A friend warned me that wearing a wetsuit or drysuit is necessary when maneuvering through parts of Orderville, regardless of the temperature outside. I didn’t believe him. Zion was 102 degrees the day we trekked through Orderville, hardly wetsuit weather. So, with the exception of neoprene socks and amphibious canyoneering shoes, Jason and I passed on donning aqueous attire. Bad decision. Continual plunges into icy puddles combined with constant shade created by high canyon walls meant we all were soon shivering uncontrollably once the swims began. My body has a hard time staying warm anyway, so I was hit by fiercer shivers than most. Jason said I turned pale and my lips went blue. It’s been a while since I’ve been that cold.
Slippery logs and rocks are frequent hurdles in the Waterpark.
Our last rappel wasn’t planned but was necessary. Veiled Falls, a waterfall, is typically only around six feet tall, but it’s the most frequent search-and-rescue site in the canyon due to people jumping from its ledges and breaking their ankles. To get past it without snapping our limbs, we concocted a makeshift rappel line using Jason and my dad as the anchor. Designing this workaround took a bit of time and left our shaking bunch even more dejected.
With all the shivering, I couldn’t keep my hands steady enough to take pictures. All of my photos turned out a bit blurry once we got substantially wet.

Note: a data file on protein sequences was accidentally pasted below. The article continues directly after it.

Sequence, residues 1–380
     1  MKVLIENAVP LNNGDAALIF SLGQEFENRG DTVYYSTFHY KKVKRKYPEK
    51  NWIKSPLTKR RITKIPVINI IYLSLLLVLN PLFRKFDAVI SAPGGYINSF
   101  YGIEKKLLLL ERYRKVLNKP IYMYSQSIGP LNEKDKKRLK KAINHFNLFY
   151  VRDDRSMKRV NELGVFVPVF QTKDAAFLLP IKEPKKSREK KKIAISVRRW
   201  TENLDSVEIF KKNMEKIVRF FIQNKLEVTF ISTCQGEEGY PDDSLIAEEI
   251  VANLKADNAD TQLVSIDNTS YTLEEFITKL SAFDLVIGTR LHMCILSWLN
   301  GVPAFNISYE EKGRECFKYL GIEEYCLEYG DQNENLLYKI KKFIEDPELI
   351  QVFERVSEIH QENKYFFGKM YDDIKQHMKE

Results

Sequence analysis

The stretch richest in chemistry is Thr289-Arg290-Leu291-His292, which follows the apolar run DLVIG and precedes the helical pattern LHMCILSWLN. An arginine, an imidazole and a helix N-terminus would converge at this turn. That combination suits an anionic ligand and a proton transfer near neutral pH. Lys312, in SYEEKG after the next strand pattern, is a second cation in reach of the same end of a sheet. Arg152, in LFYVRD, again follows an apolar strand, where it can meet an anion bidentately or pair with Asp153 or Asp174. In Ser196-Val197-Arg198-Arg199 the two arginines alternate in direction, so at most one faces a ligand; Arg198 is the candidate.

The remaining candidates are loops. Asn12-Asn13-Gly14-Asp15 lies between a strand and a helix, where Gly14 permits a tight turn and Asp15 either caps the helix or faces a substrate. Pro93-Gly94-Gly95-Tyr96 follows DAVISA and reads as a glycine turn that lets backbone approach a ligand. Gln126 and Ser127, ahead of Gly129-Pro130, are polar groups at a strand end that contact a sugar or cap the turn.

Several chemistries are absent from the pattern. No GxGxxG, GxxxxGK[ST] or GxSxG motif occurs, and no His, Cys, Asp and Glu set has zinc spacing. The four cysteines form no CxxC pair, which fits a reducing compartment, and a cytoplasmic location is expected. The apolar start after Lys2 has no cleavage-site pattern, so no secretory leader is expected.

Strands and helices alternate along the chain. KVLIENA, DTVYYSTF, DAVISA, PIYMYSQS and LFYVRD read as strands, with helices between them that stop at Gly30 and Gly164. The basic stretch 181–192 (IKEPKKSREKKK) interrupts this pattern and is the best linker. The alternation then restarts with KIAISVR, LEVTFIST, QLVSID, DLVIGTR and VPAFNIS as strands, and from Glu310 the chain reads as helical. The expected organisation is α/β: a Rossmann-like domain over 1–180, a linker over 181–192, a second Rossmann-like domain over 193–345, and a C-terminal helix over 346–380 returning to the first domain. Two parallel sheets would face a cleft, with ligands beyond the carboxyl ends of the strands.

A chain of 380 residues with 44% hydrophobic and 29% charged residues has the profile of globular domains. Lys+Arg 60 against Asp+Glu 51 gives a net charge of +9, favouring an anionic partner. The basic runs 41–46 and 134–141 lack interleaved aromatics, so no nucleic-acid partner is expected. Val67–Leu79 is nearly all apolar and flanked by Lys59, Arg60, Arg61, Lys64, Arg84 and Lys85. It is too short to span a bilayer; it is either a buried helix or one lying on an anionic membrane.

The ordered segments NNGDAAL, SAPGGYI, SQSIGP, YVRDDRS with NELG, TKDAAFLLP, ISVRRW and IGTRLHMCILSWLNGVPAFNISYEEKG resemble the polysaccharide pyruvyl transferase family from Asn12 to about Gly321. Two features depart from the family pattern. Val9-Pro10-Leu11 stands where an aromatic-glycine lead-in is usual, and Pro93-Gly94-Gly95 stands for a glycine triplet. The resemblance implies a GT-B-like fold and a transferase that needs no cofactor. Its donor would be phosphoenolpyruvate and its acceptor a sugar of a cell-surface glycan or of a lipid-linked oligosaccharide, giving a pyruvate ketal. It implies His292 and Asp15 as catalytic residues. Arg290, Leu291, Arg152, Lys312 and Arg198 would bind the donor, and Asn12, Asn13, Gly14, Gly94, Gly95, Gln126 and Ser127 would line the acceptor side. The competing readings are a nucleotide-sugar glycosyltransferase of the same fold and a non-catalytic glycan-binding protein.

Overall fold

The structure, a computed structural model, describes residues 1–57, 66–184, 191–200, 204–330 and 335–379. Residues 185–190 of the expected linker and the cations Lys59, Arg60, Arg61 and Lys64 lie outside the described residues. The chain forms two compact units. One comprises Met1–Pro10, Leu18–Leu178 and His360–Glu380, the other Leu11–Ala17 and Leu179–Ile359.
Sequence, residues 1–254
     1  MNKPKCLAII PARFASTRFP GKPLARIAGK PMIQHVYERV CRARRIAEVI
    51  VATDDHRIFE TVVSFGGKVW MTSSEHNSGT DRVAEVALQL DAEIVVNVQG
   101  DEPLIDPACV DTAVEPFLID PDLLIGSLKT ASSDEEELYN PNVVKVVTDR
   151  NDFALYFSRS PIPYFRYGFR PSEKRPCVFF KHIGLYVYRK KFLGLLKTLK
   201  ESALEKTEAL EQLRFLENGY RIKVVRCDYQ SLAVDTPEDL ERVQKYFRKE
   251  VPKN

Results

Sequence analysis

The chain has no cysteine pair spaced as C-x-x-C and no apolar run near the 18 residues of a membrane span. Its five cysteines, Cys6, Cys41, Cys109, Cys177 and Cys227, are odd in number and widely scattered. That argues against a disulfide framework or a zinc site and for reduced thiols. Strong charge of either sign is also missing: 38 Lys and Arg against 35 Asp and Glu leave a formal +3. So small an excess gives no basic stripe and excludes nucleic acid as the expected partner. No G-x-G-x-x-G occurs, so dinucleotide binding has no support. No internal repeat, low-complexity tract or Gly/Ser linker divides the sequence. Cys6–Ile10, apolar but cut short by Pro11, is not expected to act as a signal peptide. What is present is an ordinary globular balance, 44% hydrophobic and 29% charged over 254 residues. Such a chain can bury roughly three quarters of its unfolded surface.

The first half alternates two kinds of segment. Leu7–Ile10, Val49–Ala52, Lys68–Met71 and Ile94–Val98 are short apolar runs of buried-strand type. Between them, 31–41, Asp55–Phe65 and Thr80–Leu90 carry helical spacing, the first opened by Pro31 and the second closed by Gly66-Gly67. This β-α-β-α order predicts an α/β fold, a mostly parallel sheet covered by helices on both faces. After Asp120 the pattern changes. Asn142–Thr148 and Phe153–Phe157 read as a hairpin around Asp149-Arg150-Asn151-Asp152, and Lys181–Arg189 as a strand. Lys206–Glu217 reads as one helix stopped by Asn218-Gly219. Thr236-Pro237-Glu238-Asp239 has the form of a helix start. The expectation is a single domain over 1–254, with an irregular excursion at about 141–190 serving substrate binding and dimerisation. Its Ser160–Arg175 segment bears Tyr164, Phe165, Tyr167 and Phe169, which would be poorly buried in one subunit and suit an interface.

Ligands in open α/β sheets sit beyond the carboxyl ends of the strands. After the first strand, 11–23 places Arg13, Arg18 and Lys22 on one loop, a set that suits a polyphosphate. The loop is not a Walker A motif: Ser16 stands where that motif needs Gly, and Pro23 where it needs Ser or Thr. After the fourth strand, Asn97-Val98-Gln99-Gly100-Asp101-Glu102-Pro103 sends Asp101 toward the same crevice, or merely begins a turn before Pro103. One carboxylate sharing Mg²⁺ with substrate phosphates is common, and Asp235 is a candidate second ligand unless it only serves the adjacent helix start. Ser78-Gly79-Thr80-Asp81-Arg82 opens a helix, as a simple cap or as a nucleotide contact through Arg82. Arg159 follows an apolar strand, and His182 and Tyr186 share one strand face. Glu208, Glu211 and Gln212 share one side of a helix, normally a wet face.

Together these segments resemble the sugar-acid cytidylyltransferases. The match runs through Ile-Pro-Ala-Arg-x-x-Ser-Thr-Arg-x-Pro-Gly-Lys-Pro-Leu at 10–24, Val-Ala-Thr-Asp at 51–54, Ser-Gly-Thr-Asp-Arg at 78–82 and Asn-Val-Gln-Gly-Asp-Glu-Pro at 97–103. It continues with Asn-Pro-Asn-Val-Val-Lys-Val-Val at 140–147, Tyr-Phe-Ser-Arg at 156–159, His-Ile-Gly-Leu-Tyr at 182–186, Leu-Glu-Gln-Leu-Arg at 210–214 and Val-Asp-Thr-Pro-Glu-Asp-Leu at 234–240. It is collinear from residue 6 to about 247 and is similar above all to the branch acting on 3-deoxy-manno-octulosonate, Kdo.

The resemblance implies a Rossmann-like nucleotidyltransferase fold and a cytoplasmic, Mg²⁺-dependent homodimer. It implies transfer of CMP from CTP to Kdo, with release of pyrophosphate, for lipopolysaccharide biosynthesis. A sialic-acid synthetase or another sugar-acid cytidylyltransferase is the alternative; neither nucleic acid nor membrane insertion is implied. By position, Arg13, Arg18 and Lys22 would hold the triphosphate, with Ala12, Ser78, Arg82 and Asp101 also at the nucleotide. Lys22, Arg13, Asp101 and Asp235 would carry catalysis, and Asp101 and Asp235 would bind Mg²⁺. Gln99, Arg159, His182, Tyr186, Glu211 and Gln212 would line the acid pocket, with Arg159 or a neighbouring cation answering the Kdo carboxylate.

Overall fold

Due to our slower-than-average pace, we didn’t make it out of The Narrows before dark. We had to wander down nearly a mile of the Virgin River in the pitch of night. Wading through a flowing waterway when everything is black around you is an interesting experience.
Veiled Falls made us snappier, but it didn’t snap us.
The consensus on Orderville? It was unimaginably beautiful and unbelievably cold. The experience, a jumbled bundle of misery and majesty, will never be forgotten. While others from our group might not be eager to experience it again, I would be game. A wetsuit would not be considered optional attire though.
Posted by Rachel
on October 8, 2017 at 11:23 pm
The landscapes around Moab are unlike any others on Earth. So, we couldn’t let a couple of Jason’s relatives, Steve and Wendy, come halfway across the globe from New Zealand without taking them to see that region. Jason’s parents opted to join us for this little weekend excursion, which was during August’s hot thralls. Appallingly, they had never been to Moab in all their years in Utah. Say what? Jason and I have visited Moab dozens of times and, like any self-respecting insufferable-know-it-all, I’ve picked up quite a few useful and not-entirely-useful area details during those many trips. Hence, we made pretty decent guides. Our guests received no shortage of facts and recreation options. Moab stunned them and we wore them out.
The Shafer Canyon Overlook offered our guests their first glimpse of the striking layers that form Canyonlands drop upon drop.
Although we arrived in Moab late in the afternoon, we had enough time before sundown to drive to the Island in the Sky District of Canyonlands National Park and check out the Shafer Canyon Overlook and Mesa Arch. The Kiwis in our group were awed by the sheer scope of Canyonlands’ sheerness. They weren’t prepared for its 1,400-foot plunges of pristine crimson and auburn sandstone.